Malati Chaudhary was born on 26 July 1904, in Calcutta to a family of politicians. At the age of 16, Chaudhary refused to join college and complete her education. Instead, in 1921, she was joined Visva Bharti in Shantiniketan. It was here that her views on patriotism and the freedom movement developed. They were also deeply influenced by Tagore. Choudhary moved to Orissa in 1927 and engaged in grassroots works for underprivileged communities. Chaudhary was a Marxist, woman freedom fighter who actively participated in the diverse struggles of oppressed communities in Orissa. She was fondly called Numa by those she inspired.
Role in India’s Independence Movement:
Chaudhary played a vital role in India’s Independence Movement. She was arrested and imprisoned several times (1921, 1930, 1936, 1942) by the British, for her participation in various freedom movement activities.
In 1933, Choudhary started actively participating in the Congress party. Along with her husband, she organised the Utkal Congress Samajvadi Karmi Sangh, the Orissa branch of the All India Congress Socialist Party. Choudhary founded the Post Basic School at Champatimunda, Orissa. In 1946, she set up the Bajiraut Chhatravas to educate the children of freedom fighters and became the president of the Orissa Pradesh Congress Committee. She had a significant impact on freedom struggle movements organised on the local levels.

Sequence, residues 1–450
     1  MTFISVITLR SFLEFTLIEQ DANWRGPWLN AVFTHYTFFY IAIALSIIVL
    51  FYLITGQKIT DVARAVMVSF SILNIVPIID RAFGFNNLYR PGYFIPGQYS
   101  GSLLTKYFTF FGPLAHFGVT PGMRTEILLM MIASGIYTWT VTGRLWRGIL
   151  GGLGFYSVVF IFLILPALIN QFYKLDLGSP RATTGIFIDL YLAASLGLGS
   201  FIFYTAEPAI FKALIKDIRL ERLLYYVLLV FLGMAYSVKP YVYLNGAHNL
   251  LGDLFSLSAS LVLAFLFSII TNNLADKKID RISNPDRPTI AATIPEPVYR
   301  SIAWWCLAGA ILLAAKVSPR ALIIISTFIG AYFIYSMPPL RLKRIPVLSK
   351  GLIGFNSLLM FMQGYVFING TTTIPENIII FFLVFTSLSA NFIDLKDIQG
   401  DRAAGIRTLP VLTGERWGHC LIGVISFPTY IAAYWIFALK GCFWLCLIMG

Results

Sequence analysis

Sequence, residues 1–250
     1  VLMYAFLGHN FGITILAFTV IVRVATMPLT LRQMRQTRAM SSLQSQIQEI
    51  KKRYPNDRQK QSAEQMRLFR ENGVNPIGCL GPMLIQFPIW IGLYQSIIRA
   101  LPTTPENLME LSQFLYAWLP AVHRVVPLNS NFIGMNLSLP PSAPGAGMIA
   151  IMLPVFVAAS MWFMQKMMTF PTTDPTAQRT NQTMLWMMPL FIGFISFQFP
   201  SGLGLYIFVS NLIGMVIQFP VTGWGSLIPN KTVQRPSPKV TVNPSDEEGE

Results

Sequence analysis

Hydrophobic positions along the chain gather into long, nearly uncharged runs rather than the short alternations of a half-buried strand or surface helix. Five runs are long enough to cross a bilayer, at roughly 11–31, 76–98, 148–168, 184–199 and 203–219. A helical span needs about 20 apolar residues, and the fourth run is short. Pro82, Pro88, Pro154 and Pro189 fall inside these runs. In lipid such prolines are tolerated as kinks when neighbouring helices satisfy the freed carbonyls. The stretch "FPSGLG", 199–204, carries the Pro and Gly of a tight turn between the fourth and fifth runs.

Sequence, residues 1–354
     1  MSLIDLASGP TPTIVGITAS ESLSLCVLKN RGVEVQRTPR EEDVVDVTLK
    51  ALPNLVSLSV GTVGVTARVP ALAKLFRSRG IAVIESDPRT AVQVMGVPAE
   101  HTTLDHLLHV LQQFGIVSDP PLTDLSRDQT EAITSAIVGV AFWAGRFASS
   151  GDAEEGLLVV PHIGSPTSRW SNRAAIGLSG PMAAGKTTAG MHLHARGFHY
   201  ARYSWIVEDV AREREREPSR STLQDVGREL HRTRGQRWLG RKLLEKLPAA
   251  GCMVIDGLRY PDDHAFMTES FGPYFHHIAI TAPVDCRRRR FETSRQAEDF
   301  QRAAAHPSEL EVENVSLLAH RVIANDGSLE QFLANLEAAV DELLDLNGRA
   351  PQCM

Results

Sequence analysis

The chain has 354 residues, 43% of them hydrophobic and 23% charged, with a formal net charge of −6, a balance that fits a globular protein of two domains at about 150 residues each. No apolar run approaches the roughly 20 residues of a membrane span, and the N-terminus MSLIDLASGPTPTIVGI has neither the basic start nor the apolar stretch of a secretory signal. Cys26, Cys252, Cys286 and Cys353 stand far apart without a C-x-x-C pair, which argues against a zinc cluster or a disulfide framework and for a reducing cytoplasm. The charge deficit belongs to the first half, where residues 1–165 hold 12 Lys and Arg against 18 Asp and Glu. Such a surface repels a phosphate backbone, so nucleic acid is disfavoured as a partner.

In 1934, Malati took part in M.K. Gandhi’s padayatra in Orissa. She led the Krisaka Andolan to save farmers from exploitation by landowners and moneylenders. She played a central role in the peasants uprising in Orissa in the 1930s and established the Utkal Provisional Kisan Sabha that worked towards the abolition of the zamindari system.
Contribution to Constitution Making:
She was elected to the Constituent Assembly from Orissa through a Congress ticket. However, she resigned from the Assembly that very year to work with Gandhi and because she felt ‘unfit’ for the work. She wanted to continue working on the ground with farmers, Dalits, tribals, and children.
In 1948, Malati and her husband, along with other freedom fighters, formed the Utkal Navjeevan Mandal in Orissa that worked towards rural development and tribal welfare. She was the President of the Orissa Civil Liberties Committee and condemned the killings of Naxalites.
She strongly opposed state action during the emergency of 1975 which led to her imprisonment. She won multiple awards for her work including The National Award for Child Welfare in 1987, Jamnalal Bajaj Award in 1988, Utkal Seva Sammaan in 1994, and The Tagore Literacy Award in 1995.
Malati Choudhary passed away in 1998 at the age of 93.
Choudhary was not a member of any of the Assembly Committees.